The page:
Professional Research Techs: A Way to Address Ph.D. Overproduction?

May 28th, 2009

Posted by: admin

This article at Science Progress describes an oversight in research funding proposals – both from funding agencies and from those seeking grants.  The scientific equipment, and more importantly, the personnel necessary to operate and maintain it, don’t get much attention in funding.  The main recommendations from the author, a Ph.D. candidate in Biochemistry:

“In order to stay globally competitive, the federal government must invest in developing a sustainable and professional technical research workforce to supply research demands at both our nation’s institutes and universities. This could be undertaken by:

  • Boosting job stability in this sector by increasing the number of state and federal positions for permanent university research staff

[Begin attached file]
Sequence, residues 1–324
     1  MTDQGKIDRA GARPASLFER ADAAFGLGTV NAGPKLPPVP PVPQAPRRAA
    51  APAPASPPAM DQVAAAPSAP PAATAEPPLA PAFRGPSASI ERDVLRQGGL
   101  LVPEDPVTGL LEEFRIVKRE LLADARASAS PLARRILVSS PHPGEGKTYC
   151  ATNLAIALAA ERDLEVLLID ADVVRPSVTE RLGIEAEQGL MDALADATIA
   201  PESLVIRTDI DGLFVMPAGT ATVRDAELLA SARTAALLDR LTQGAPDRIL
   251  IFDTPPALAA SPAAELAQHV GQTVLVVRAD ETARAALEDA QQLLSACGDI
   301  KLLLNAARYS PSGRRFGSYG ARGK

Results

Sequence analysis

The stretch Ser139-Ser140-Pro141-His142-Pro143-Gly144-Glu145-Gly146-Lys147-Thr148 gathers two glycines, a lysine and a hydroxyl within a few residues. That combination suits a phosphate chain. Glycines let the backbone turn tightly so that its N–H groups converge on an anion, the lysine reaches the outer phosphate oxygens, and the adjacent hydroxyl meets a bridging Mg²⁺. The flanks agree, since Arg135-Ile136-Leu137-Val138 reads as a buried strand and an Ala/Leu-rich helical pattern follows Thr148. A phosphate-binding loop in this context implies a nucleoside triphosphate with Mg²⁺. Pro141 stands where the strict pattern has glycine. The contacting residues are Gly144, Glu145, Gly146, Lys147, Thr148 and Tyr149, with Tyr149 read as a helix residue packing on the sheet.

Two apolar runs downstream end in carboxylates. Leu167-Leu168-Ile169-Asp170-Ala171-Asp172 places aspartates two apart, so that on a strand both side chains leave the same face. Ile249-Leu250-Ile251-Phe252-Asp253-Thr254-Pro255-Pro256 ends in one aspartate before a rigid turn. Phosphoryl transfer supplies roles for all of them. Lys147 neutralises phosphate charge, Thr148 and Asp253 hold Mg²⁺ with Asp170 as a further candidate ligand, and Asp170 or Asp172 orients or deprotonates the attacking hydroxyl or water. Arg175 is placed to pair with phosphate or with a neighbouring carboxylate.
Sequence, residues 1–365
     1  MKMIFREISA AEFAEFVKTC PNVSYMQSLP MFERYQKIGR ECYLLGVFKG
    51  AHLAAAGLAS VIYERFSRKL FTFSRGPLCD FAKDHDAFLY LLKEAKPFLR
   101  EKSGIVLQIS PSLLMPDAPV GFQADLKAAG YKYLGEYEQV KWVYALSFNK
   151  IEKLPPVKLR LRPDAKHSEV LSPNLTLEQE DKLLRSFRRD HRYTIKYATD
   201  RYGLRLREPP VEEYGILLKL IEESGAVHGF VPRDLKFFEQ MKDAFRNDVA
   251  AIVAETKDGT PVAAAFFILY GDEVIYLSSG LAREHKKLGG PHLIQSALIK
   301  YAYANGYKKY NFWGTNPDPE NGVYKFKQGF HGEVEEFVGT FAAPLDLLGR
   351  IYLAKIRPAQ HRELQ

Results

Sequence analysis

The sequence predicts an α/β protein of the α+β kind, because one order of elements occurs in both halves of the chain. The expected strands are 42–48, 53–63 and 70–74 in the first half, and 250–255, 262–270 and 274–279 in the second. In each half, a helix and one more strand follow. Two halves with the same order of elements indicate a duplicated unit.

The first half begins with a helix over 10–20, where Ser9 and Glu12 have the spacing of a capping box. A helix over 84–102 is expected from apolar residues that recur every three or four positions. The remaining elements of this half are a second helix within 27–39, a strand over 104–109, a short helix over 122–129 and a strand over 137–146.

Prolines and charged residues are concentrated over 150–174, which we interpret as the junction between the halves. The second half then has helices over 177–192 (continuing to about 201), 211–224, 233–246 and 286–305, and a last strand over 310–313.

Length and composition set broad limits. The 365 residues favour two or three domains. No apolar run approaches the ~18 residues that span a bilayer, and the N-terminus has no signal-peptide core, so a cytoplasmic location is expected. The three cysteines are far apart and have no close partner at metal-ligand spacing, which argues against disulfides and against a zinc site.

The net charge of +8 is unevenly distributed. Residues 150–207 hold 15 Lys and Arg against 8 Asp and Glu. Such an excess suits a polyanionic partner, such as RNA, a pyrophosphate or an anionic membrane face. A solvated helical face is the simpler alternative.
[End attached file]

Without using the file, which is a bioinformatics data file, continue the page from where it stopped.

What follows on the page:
• Restructuring the grant process with an emphasis on personnel and service contracts in conjunction with new equipment
  • Sponsoring the creation of university degree programs for technical training in the laboratory sciences.”

While I’m a fan of the science masters degrees mentioned in the piece, and think a comparable degree focused on technical equipment makes sense, there’s no discussion of another source of talent – Ph.D.s.  While it is probably too much time spent to go from a Ph.D. to managing lab equipment, I’d be suprised and disappointed if Ph.D.s could not perform the technical support functions needed (or weren’t doing them already as part of their training).  Perhaps after a transition period where the masters degree programs ramped up and started producing graduates this wouldn’t be needed.  However, this is an option that should be included in these discussions.

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